By Liviu Bird
The UEFA European Championship competes with the FIFA World Cup to be the best national team tournament around these days. An expanded, 24-team field will compete for the Henri Delaunay Trophy in the namesake’s home nation of France in two summers.
The journey to the final tournament begins on Sunday, as UEFA draws the nine qualification groups in an event in Nice, France. The format is similar to that of any other international draw, with teams grouped into pots based on their UEFA coefficients.
All 53 European nations besides France will be involved in the draw, comprising eight groups of six teams and one group of five. France will be allocated to the group of five and play friendlies against the teams in that group.
As such, France is the first host nation of a major competition to participate in its qualifiers, although the games will not count in the standings for either team involved in those matches, and France has automatically qualified for the final tournament.
The new regulation was put in place to eliminate the usual difficulty host nations have of arranging friendlies against high-level opposition from the same confederation during qualification cycles.
It works out because UEFA has an even number of teams, although critics have been quick to point out that the new “centralized friendlies” directly benefit UEFA president Michel Platini’s former national team.
Here are the other 53 teams’ seedings for the draw:
Pot 1: Spain, Germany, Netherlands, Italy, England, Portugal, Greece, Russia, Bosnia-Herzegovina
Pot 2: Ukraine, Croatia, Sweden, Denmark, Switzerland, Belgium, Czech Republic, Hungary, Republic of Ireland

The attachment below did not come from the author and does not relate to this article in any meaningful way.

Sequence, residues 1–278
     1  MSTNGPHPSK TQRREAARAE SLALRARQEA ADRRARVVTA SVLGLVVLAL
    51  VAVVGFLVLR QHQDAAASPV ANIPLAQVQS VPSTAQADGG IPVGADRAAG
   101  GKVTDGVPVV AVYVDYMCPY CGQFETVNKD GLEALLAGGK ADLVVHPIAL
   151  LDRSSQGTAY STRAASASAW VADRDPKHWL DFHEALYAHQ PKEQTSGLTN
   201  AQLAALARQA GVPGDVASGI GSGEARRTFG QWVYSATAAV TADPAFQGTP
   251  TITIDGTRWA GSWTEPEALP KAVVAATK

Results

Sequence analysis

Pot 3: Serbia, Turkey, Slovenia, Israel, Norway, Slovakia, Romania, Austria, Poland
Pot 4: Montenegro, Armenia, Scotland, Finland, Latvia, Wales, Bulgaria, Estonia, Belarus
Pot 5: Iceland, Northern Ireland, Albania, Lithuania, Moldova, Macedonia, Azerbaijan, Georgia, Cyprus
Pot 6: Luxembourg, Kazakhstan, Liechtenstein, Faroe Islands, Malta, Andorra, San Marino, Gibraltar
A couple of caveats exist in the draw to allow for television audience and political situations: England, Germany, Italy, Spain, and the Netherlands will be in six-team groups because of larger potential television attention. Neighbors Azerbaijan and Armenia will be separated in the draw, as will UEFA newcomers Gibraltar and Spain.
Also new to the 2016 edition of the tournament is the qualifying schedule format. Platini has championed what he calls the “Week of Football,” which will see qualifiers take place across a three-day window each match day.
The idea is maximizing each game’s audience instead of having every team play at the same time, which limits viewing options. For example, all but two of the opening qualifiers for the 2012 tournament were played Sept. 3, 2010. This time, those first matches will be scheduled Sept. 7, 8, or 9.
“This means fans of European football around the world can watch more action than ever before. They will love it,” Platini told media. “The proposal of a ‘Week of Football’ was approved by UEFA in 2011, and we decided right away that we wanted to increase the exposure of national team football.”